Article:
The following questions were posed by the Randolph Herald to candidates running for office in Windsor and Orange Counties. Word count was limited to 600 for all answers and I came in at 599, which was quite a challenge!
What is your position on Gov. Shumlin’s plan to move the state to a single-payer system for healthcare?
It’s difficult to take a position on a plan that hasn’t been presented yet, but the fact remains that this country’s health insurance system is unsustainable and inefficient. In the absence of a federal solution to bring the economics of American healthcare up to the standards of other developed nations, state legislatures have a responsibility to explore universal coverage options and how access, equity, cost containment and healthy outcomes can be improved. This will be the most scrutinized and debated issue in many years and it’s crucial that state government engages with its citizens during the process. The botched rollout of the federally mandated online exchange has eroded the public’s confidence in the state’s handling of healthcare, but a new system that provides universal coverage could eliminate many of the problems that have plagued VHC. I look forward to seeing a plan and collaborating with others to try and make it work for the benefit of all Vermonters.
This year the House of Representatives passed a bill which would have combined school districts in the state so that local schools would not be run by town school boards. If that or a similar bill is introduced in the 2015 legislature, what would be your position?
School governance changes will certainly be proposed again, though cost savings and improved outcomes aren’t guaranteed. I voted against involuntary consolidation and further eroding of local decision-making by school boards and will continue to advocate for letting communities make the hard decisions on the future of our schools. I think we can do more to streamline administration and services, but there needs to be more public engagement in the process of coming up with policies that would alter the current (outdated) governance structure.
What would be the best way to encourage more of our young people to locate in Vermont?
Vermont has been attracting more young people and slowing the rate of youth out-migration over the past decade. I see it happening in my own hometown. As a rural, northern state, Vermont attracts those who seek out this kind of environment. I grew up in Vermont and briefly relocated elsewhere as did most of my peers, but returned to start my own business. Making it work in Vermont takes initiative and perseverance, and most job growth happens when businesses expand or new businesses are created. Chittenden County – with a growing population in contrast to the declining rural population – has one of the best entrepreneurial climates in the country. In rural areas we should play to our strengths. Expanding markets and opportunities for our agriculture and forest products entrepreneurs will continue to grow jobs and hatch new businesses. We also need to continue targeted investments in infrastructure, reform education financing for more affordable housing opportunities, strengthen early childcare programs for working families, and expand fiber and cell coverage to meet the needs of 21st Century Vermonters. Vermont consistently stands atop rankings of indicators such as health, safety, civic engagement, education and environment, and our way of life and values are appealing to many non-Vermonters.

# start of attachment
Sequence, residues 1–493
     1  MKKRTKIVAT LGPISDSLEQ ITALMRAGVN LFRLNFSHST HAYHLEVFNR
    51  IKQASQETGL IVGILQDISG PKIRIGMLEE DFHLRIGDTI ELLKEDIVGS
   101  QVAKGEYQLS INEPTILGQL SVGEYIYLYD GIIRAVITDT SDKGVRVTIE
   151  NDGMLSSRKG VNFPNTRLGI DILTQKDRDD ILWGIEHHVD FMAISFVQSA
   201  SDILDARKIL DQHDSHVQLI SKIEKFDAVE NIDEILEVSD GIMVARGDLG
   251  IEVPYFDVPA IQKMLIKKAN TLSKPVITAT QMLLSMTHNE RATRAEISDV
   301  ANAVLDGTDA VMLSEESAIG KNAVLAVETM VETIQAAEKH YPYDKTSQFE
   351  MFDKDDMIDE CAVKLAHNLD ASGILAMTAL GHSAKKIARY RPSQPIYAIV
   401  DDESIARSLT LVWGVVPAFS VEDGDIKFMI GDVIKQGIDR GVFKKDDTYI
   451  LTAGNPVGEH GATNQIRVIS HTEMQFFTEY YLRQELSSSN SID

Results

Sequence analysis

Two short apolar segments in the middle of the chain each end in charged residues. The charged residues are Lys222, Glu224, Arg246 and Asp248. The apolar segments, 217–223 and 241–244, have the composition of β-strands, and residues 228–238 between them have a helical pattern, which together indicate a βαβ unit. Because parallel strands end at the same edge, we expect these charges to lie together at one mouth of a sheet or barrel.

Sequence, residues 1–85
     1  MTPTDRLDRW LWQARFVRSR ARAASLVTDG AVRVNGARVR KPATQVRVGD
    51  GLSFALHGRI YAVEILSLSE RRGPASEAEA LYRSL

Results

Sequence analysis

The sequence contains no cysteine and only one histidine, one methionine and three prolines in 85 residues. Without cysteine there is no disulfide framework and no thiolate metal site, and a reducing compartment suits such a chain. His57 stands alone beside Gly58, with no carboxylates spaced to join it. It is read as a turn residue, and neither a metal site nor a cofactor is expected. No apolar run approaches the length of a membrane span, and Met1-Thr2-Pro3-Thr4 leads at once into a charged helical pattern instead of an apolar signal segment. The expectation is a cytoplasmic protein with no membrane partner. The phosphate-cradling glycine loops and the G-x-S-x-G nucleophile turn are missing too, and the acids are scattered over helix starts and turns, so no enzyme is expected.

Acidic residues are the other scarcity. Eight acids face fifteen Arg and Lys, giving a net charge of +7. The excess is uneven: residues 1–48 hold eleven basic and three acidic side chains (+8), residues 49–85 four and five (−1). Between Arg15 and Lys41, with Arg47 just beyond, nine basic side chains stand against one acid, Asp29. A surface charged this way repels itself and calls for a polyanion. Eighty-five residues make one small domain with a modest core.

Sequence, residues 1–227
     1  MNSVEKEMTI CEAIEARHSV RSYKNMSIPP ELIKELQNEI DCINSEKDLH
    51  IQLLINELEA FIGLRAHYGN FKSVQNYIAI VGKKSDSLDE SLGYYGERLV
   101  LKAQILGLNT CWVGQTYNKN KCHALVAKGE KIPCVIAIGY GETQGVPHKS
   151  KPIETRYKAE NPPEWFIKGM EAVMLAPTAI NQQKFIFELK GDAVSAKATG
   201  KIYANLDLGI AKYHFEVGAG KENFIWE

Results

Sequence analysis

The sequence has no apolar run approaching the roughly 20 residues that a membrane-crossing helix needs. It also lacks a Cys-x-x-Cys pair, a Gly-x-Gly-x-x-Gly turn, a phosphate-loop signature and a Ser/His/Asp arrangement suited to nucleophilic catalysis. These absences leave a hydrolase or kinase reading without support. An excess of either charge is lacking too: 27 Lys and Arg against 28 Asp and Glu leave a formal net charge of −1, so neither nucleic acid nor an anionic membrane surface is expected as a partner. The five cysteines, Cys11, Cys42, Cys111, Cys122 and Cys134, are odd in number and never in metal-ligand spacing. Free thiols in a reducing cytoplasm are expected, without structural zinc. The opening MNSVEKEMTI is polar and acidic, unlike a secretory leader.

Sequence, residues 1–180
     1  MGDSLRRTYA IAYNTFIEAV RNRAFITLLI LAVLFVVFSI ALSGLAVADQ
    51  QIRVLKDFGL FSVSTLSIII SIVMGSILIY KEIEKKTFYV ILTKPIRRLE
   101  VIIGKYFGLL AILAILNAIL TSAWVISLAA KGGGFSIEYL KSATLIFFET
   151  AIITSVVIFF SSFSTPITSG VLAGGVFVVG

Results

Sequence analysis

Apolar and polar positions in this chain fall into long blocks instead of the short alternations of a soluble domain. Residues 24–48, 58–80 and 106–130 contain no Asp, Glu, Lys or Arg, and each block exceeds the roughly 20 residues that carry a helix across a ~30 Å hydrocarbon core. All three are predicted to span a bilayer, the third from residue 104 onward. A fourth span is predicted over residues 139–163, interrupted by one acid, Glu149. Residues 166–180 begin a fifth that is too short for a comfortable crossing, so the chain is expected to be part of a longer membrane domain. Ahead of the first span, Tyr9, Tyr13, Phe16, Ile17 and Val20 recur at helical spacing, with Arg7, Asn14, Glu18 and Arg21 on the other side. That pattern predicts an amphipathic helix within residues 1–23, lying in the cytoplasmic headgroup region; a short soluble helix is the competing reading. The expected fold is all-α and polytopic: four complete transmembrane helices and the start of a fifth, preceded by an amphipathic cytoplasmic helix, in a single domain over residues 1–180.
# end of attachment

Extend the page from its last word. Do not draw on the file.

What is your personal priority for the next legislative session and what will make you a good legislator?
We need to find a better way to fund education that is less reliant on property tax while trying to bend the spending curve at the same time. The latter will require a delicate balance between state regulation of education expenditures and local control in the hands of school boards and voters. I am well positioned to help solve these problems since I have stood up for the needs of my district and made my voice heard. I have voted with the minority to overhaul the system for the past two years and pushed my caucus to commit to action – something we now appear to be promising voters. As one of the youngest legislators in Vermont and one not afraid to rock the majority boat, my positions are noted and have influence. The relationships I’ve built with other legislators and state officials will allow me to hit the ground running in 2015.